Yahoo’s stock declined 22% today after the company missed analysts’ quarterly estimates and announced its new advertising system, codenamed Panama, was delayed. I think of many failures when I hear the term “Panama” but the first thing that popped to mind in Yahoo’s case is Scotland and its Darien scheme.
Towards the end of the 17th century Scotland realized it was falling behind the rest of Europe and undertook a few initiatives to modernize the country and better compete with the new economies of Europe. The Company of Scotland was created to establish new trade routes with Africa and the Indies, the popular trading spots of the day. Scotland invested about a third of its wealth in establishing a new trading colony in Panama, opening new possibilities for the country.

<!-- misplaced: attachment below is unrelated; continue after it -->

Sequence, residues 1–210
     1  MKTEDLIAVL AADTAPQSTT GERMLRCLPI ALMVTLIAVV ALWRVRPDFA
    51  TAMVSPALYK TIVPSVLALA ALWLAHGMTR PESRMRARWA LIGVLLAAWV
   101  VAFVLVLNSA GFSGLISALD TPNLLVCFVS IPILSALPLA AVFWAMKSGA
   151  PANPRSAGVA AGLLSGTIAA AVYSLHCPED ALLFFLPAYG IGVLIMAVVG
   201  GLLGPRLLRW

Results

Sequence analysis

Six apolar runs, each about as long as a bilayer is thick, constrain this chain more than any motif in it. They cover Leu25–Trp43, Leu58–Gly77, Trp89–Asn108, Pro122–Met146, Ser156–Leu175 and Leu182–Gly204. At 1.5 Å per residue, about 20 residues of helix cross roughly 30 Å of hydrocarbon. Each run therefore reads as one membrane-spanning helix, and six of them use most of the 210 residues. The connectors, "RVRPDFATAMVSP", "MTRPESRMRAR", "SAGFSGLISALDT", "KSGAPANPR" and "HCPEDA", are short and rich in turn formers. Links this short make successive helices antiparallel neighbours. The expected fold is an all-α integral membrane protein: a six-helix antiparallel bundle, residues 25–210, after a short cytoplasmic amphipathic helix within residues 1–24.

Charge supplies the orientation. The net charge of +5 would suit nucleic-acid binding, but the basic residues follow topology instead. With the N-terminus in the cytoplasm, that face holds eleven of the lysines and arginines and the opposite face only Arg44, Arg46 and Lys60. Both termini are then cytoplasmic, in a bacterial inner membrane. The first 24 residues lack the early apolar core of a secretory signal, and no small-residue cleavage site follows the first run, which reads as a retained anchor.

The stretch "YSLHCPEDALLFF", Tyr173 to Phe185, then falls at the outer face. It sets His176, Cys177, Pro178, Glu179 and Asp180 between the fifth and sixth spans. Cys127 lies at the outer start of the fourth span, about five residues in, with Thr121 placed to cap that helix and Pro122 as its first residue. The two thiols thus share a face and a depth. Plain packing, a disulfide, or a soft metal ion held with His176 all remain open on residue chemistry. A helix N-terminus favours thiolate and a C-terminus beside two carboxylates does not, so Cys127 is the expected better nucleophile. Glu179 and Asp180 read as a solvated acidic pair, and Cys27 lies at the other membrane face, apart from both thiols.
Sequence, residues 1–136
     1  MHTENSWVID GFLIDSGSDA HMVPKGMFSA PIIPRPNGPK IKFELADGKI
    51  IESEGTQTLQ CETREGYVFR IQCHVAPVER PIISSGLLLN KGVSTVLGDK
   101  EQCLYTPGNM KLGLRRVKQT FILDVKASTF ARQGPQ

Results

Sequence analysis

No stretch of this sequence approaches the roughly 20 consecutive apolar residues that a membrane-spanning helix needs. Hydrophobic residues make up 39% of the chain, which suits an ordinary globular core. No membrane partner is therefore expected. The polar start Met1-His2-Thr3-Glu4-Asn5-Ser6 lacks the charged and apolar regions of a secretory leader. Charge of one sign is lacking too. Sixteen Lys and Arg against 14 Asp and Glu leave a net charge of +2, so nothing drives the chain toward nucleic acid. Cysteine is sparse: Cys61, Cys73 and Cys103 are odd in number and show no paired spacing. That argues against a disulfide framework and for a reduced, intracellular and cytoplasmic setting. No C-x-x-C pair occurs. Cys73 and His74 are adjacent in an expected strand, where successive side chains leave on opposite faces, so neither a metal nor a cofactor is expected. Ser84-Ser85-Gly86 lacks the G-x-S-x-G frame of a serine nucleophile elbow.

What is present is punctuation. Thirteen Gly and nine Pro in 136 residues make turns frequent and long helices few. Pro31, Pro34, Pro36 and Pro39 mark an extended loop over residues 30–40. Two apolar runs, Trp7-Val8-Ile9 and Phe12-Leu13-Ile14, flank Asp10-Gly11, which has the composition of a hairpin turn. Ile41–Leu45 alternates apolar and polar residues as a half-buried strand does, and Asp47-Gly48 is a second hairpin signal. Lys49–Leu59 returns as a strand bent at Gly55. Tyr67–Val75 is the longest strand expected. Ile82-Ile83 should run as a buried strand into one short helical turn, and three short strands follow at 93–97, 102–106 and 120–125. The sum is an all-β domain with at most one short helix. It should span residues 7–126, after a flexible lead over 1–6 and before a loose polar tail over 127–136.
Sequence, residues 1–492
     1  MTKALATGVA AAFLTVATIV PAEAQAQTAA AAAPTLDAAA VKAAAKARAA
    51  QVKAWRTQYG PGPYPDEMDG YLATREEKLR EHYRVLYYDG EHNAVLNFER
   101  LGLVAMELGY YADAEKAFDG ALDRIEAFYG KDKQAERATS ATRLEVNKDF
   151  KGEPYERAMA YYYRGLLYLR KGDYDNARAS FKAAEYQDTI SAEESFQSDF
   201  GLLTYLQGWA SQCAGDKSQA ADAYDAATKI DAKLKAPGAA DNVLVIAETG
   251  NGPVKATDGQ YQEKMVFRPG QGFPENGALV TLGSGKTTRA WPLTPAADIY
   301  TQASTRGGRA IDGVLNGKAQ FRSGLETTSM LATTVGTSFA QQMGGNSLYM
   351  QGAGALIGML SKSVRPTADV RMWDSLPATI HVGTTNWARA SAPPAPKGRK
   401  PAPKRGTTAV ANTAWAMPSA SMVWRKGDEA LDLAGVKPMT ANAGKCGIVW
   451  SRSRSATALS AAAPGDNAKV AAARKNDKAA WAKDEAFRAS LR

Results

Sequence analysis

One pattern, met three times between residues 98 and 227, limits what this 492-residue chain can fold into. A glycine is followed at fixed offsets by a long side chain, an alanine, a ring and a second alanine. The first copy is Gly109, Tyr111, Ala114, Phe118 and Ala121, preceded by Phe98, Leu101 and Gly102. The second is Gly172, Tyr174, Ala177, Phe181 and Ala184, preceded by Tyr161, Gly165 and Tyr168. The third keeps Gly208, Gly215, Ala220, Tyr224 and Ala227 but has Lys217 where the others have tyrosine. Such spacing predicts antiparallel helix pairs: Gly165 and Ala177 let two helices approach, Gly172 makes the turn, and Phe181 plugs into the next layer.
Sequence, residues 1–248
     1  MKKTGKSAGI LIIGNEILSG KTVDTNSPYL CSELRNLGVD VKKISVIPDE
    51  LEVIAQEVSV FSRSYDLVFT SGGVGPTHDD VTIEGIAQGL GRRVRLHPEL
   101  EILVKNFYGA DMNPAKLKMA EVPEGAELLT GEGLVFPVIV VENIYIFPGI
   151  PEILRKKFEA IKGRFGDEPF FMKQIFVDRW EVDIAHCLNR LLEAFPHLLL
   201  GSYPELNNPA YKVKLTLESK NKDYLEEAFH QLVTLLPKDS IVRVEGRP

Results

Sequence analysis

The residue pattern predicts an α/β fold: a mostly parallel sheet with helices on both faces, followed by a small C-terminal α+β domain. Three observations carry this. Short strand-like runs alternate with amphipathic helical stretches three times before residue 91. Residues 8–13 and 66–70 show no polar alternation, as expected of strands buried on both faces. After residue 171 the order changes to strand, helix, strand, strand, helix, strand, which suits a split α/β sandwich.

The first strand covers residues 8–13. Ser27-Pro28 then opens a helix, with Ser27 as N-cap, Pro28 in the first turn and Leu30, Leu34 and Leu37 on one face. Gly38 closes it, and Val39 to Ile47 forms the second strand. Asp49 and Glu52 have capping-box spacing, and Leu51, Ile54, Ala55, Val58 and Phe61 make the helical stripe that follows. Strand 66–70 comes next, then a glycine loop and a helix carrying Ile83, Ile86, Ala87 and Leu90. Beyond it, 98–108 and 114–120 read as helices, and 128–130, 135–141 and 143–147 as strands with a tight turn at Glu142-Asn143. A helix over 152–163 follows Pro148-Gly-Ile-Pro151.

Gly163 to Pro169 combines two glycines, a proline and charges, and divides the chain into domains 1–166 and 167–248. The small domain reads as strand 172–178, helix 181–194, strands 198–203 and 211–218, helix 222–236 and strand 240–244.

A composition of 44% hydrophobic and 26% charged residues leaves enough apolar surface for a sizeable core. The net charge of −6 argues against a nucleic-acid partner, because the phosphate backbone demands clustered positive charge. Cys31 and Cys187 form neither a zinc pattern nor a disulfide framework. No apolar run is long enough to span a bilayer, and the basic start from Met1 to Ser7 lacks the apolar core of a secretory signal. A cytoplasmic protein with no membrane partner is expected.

The effort failed within a year partially because two huge empires in the region, England and Spain, were not too happy about Scotland’s presence. Scotland was essentially bankrupt from the operation and had little choice but to accept England’s treasure chest and become part of the British Empire.
There is also the history of warring generals, dictators, and general disease that kept people away from the small strip of trading space for so many decades.
Building a new ad platform is not an easy thing, but perhaps the yodelers could have picked a better codename.